Protecting Knowledge: How Legal Requirements to Reveal Information Affect the Importance of Secrecy

Wolfgang Sofka, Pedro de Faria, Edlira Shehu

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Most firms use secrecy to protect their knowledge from potential imitators. However, the theoretical foundations for secrecy have not been well explored. We extend knowledge protection literature and propose theoretical mechanisms explaining how information visibility influences the importance of secrecy as a knowledge protection instrument. Building on mechanisms from information economics and signaling theory, we postulate that secrecy is more important for protecting knowledge for firms that have legal requirements to reveal information to shareholders. Furthermore, we argue that this effect is contingent on the location in a technological cluster, on a firm's investment in fixed assets and on a firm's past innovation performance. We test our hypotheses using a representative sample of 683 firms in Germany between 2005 and 2013. Our results support the moderation effect of a technological cluster and a firm's investment in fixed assets. Our findings inform both academics and managers on how firms balance information disclosure requirements with the use of secrecy as a knowledge protection instrument.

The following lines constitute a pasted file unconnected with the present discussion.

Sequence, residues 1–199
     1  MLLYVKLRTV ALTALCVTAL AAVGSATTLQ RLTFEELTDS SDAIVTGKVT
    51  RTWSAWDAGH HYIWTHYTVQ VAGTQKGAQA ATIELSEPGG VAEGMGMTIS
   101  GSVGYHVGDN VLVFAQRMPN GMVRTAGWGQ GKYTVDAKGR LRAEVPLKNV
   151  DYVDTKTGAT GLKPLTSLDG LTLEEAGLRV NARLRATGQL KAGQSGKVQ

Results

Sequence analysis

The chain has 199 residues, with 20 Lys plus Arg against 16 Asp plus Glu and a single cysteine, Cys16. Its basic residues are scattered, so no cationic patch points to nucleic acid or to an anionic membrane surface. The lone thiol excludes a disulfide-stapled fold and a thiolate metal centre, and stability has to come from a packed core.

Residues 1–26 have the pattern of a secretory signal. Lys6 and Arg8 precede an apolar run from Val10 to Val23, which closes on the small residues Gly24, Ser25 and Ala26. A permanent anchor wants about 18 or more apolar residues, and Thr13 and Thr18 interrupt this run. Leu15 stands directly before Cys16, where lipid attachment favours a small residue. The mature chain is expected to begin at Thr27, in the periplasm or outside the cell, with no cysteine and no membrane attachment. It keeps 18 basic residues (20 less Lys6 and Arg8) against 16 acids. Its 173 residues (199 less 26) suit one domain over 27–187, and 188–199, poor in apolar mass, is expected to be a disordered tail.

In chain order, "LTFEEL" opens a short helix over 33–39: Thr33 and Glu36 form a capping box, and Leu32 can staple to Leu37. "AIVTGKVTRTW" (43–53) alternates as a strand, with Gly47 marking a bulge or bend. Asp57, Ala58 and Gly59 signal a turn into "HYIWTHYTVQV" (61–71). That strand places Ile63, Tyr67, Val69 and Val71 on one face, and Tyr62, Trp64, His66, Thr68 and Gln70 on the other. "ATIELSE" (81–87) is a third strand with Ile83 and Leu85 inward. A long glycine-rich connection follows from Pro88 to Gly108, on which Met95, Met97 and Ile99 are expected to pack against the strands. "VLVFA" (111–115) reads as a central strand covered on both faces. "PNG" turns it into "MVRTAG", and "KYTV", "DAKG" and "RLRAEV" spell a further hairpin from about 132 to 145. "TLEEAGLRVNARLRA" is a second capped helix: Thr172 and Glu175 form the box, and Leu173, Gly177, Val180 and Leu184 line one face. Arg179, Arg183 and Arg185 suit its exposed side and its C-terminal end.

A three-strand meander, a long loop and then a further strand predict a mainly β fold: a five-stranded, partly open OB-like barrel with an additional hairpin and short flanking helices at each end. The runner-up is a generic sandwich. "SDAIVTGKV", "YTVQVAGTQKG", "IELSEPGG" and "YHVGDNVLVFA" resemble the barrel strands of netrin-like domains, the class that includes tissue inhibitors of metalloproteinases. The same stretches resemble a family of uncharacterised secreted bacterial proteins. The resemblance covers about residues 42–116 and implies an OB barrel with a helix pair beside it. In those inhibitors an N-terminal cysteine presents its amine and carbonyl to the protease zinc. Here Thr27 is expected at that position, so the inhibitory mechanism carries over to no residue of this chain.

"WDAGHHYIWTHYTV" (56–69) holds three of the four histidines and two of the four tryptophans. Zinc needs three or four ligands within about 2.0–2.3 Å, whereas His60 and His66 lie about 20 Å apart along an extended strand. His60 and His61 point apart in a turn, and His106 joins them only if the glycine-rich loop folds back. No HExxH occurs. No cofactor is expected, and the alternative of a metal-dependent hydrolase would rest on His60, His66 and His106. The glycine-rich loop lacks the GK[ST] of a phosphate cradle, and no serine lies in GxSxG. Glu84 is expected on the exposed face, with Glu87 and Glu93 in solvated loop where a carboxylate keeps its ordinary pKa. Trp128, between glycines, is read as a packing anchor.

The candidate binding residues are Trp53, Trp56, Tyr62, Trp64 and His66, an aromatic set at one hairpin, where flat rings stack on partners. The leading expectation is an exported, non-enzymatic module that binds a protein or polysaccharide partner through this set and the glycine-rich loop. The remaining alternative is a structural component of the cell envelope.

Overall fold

Original languageEnglish
JournalResearch Policy
Issue number3
Pages (from-to)558-572
Number of pages15
Publication statusPublished - Apr 2018


  • Secrecy
  • Information disclosure
  • Knowledge visibility
  • Technological clusters
  • Innovation performance

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